U.S. dairy producer and processor groups this week urged a scientific advisory panel working on the next round of federal dietary guidelines to keep the recommendation of three daily servings of dairy products for most Americans, since dairy products are the No. 1 source of nine key nutrients.
The 2015 Dietary Guidelines Advisory Committee is a group of nutrition experts who review nutrition research to make recommendations. The second meeting of the group was held at the National Institutes of Health in Bethesda, Md.
Since the Dietary Guidelines for Americans serve as the basis for federal nutrition programs, including school meals, and also for the government’s communication regarding food and nutrition, their impact can be widespread. Following the recommendations of the Dietary Guidelines Advisory Committee, the Department of Health and Human Services and the USDA will finalize the messages of the Dietary Guidelines, which are updated every five years.
The current 2010 Dietary Guidelines for Americans recommend that Americans increase their intake of low-fat and fat-free dairy products to reach three servings of dairy for adults, two and one-half servings of dairy for children between the ages of four and eight and two servings for children ages two and three.
NMPF: dairy irreplaceable
“Dairy foods are uniquely nutrient-rich and virtually irreplaceable in the diet if we want to meet nutrient recommendations,” said National Milk Producers Federation (NMPF) Vice President for Nutrition Beth Briczinski. “We strongly urge the committee to maintain the current recommendation of three daily servings of dairy, and to focus on the serious public health problem of under-consumption of milk and dairy products.”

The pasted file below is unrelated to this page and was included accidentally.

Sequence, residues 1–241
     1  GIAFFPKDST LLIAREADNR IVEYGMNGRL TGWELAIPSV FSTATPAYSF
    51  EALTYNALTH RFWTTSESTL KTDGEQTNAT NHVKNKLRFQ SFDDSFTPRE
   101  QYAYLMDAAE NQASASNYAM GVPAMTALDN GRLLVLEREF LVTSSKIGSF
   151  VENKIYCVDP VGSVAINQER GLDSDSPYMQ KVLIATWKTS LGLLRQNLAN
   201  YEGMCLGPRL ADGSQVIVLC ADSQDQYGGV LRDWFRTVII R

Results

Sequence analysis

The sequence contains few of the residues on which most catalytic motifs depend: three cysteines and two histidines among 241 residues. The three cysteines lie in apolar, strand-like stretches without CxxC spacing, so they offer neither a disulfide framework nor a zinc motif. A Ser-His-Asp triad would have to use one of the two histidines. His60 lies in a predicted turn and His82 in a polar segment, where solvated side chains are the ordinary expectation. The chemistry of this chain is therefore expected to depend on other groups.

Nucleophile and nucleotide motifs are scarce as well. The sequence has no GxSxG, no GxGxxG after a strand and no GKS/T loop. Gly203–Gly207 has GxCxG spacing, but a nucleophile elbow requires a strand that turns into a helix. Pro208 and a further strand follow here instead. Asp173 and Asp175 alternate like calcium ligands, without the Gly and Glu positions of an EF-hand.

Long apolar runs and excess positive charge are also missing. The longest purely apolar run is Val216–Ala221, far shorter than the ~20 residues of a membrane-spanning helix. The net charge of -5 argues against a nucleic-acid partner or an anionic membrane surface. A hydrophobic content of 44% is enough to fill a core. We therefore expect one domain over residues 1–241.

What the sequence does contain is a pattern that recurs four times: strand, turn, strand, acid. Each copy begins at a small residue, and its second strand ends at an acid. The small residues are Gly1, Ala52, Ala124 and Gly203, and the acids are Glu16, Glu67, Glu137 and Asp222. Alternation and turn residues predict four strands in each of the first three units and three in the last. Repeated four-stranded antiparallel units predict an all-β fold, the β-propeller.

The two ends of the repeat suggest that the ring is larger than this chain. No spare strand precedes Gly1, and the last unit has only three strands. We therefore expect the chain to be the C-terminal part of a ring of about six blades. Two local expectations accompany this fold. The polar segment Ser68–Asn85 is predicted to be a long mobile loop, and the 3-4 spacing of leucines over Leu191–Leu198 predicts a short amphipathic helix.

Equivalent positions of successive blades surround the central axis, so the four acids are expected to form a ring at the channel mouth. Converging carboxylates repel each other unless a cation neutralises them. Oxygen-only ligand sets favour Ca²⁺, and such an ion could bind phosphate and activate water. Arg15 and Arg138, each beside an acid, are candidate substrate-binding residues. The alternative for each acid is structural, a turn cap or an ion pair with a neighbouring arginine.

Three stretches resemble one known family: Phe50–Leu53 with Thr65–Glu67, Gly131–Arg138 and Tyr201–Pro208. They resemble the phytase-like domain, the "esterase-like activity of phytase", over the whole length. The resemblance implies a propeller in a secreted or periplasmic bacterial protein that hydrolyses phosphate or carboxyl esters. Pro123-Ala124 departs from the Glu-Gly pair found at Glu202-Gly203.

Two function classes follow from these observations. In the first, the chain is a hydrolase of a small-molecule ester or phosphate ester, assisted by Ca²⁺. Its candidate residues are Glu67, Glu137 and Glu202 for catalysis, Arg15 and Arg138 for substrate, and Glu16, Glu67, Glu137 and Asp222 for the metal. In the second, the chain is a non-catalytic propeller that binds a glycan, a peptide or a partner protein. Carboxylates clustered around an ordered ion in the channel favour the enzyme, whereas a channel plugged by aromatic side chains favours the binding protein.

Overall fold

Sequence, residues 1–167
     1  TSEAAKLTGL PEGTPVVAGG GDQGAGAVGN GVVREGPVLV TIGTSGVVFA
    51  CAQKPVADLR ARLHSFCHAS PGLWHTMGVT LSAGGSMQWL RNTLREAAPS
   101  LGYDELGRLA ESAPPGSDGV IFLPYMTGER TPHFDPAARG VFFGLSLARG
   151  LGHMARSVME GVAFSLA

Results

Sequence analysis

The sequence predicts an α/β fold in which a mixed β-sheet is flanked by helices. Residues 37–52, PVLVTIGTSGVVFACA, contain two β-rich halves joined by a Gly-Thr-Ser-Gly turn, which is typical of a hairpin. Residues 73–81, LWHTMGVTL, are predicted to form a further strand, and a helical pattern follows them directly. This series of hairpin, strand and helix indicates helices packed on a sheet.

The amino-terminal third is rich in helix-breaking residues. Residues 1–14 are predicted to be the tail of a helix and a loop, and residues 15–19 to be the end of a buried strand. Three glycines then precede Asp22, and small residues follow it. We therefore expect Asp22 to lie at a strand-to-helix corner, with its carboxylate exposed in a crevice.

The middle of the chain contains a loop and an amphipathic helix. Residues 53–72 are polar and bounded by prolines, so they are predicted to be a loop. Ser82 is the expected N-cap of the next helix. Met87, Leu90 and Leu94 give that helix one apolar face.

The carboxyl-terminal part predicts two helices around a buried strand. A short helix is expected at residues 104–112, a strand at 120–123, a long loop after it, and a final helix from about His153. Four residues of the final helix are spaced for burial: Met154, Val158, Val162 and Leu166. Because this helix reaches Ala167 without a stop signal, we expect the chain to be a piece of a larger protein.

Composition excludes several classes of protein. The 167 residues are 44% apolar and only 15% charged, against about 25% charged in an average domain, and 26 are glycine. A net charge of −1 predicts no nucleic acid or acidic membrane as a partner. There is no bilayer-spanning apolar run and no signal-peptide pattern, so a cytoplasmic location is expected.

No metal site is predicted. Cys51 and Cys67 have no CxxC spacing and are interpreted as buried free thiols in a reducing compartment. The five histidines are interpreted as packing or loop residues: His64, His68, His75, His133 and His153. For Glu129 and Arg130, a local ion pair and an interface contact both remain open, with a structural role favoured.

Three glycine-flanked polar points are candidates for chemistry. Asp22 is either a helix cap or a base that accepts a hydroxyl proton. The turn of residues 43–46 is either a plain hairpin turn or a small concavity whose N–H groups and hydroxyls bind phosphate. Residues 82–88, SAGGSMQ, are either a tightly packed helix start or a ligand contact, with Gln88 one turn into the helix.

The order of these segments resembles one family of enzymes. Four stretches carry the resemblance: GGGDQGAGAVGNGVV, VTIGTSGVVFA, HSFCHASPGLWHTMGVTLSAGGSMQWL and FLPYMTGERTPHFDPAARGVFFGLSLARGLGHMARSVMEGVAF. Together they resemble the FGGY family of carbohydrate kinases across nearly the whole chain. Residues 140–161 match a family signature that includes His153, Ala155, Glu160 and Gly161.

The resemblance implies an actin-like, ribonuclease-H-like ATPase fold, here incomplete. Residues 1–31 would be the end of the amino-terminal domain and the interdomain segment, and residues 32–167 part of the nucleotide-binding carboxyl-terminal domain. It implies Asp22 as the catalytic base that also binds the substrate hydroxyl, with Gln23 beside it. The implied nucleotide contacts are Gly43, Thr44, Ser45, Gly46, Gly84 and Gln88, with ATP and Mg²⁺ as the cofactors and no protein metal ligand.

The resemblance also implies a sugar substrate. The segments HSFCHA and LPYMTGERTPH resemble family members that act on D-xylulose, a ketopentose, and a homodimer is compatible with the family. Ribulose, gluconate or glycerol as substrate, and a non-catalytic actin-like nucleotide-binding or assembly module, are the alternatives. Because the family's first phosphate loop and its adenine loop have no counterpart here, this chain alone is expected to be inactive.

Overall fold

Briczinski reminded the group that milk, cheese, and yogurt contribute more than half the calcium and vitamin D in the American diet, and are the primary source of seven other essential nutrients in children’s diets: phosphorus, magnesium, potassium, vitamins A, B12, D, and riboflavin. In fact, the 2010 Dietary Guidelines Advisory Committee (DGAC) found that when foods from the milk group were removed from model food patterns, intakes of calcium, vitamin D, and three other important nutrients fell below the goals.
“Even if calcium levels can be maintained with alternative foods, the levels of other nutrients such as protein, potassium, and vitamin D are adversely affected – there is simply no substitute for dairy,” she said. “Americans have major shortfalls in recommended milk consumption starting at four years of age. None of us should find that acceptable.”